A Sweet, Sweet Sound
How old do you have to be to become a Pharisee? Or a legalist? Or an outright religious hypocrite? I think I might have been one of those when I was a kid. Okay, I was one of those when I was a kid.
I was born into a family of Christians who went to church every time the doors opened. I knew Jesus at an early age. So I must have subconsciously taken that as a sign that I could wear the “Christian” badge. Many of my beliefs were mere opinions at first, but sincere enough to harden into convictions sincerely legalistic convictions, that is. And they naturally flowed into my music life.
One day when I was a young teenager a church-music nerd teenager our church’s choir director tried something different. And it caught me off guard. I was sitting on the front row, waiting for church to start, expecting things to proceed as they should: call to worship, hymn of praise, welcome and announcements, children’s sermon, offertory hymn, offering, choir special, message, hymn of invitation, benediction, and lunch. The bulletin confirmed my expectations: the congregation would sing at three points, all straight from the hymnal.
The choir came in as usual and began to sing the simple strains of the then-new worship song “I Love You, Lord.” I liked it. Then the director turned to the congregation and said, “Let’s all sing that together.” What? I thought. It’s not in the hymnal! It’s not in the bulletin! How can we do this? This feels weird.
The congregation began singing; the piano and organ eventually dropped out, leaving just the sound of those voices ringing off the white walls and stained glass of that small Baptist church sanctuary. It was beautiful. I eventually found myself singing along, and my soul the soul of an obnoxious, opinionated teenager was quieted in the presence of the Lord like never before. I was caught off guard, not only by the change in the worship, but even more by my own response. Worship could be different and still be worship. A turning point
That morning’s worship surprise was a turning point for me the catalyst for a paradigm shift in my understanding of the meaning of true corporate worship. And the change it began in me was so monumental that it carries my calling to this day. I now wonder how I could have been so caught up in the form and order of things that I would overlook the movement of the Spirit, a movement that can come when we open our hearts to the unexpected. How often do our confining perceptions of corporate worship hold us back from truly communing with God through music? How often do those same constrictions bleed into other areas of our beliefs and our lives?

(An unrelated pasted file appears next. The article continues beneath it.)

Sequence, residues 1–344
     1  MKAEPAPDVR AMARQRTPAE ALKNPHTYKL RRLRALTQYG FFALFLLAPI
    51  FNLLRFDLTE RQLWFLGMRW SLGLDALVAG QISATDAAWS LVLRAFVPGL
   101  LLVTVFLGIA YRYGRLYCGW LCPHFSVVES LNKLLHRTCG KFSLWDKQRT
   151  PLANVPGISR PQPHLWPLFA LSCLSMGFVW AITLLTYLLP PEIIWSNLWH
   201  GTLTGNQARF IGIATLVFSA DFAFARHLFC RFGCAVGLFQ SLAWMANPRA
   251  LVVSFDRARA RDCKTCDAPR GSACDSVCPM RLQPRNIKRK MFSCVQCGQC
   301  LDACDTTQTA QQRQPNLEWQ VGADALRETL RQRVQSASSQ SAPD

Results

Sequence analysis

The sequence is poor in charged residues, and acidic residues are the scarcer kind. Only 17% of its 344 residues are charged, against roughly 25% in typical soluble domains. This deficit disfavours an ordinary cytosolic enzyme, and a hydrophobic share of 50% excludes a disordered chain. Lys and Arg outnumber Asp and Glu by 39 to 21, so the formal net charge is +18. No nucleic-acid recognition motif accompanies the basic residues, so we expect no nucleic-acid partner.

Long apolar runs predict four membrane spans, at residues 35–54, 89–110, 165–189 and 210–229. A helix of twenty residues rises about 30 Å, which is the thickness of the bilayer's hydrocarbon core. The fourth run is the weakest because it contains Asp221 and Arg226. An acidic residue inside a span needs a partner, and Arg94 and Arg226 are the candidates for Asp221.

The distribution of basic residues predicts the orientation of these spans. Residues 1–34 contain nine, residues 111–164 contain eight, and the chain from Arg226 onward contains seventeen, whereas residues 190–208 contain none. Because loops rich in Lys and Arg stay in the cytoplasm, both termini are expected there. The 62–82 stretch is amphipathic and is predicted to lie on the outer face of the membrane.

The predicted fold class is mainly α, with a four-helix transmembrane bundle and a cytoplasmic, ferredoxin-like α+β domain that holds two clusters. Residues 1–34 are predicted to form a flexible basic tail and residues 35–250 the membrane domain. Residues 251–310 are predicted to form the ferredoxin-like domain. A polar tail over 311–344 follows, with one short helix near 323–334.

It often happens without our even noticing. What we learn as children can lock itself into our brains as the true template when in reality, we may simply be inheriting a manmade tradition of “the way things always ought to be.” When the Spirit moves in a different way, some of us dig in our heels, refusing to believe that what we learned first might not be the whole picture.
Or, our resistance may be more a matter of personal preference than early imprinting. A music style might not be to our taste. We may take issue with the pastor’s sermons because of mannerisms, rather than the content. We may resist a biblical principle because of the way it’s presented rather than its actual truth.
This article may not be written by an Apostolic author, but it contains many excellent principles and concepts that can be adapted to most churches. As the old saying goes Eat the meat. Throw away the bones.
This article A Sweet, Sweet Sound by Travis Cottrell was excerpted from: www.christianitytoday.com web site. December 2010. It may be used for study & research purposes only.